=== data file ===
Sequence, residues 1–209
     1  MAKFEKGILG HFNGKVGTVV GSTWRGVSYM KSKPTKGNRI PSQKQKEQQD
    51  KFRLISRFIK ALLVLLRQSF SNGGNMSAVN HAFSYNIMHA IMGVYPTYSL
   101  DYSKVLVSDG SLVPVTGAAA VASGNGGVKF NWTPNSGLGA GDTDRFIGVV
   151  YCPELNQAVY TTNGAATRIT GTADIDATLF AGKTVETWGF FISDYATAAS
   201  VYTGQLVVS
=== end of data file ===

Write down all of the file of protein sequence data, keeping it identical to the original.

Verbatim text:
Sequence, residues 1–209
     1  MAKFEKGILG HFNGKVGTVV GSTWRGVSYM KSKPTKGNRI PSQKQKEQQD
    51  KFRLISRFIK ALLVLLRQSF SNGGNMSAVN HAFSYNIMHA IMGVYPTYSL
   101  DYSKVLVSDG SLVPVTGAAA VASGNGGVKF NWTPNSGLGA GDTDRFIGVV
   151  YCPELNQAVY TTNGAATRIT GTADIDATLF AGKTVETWGF FISDYATAAS
   201  VYTGQLVVS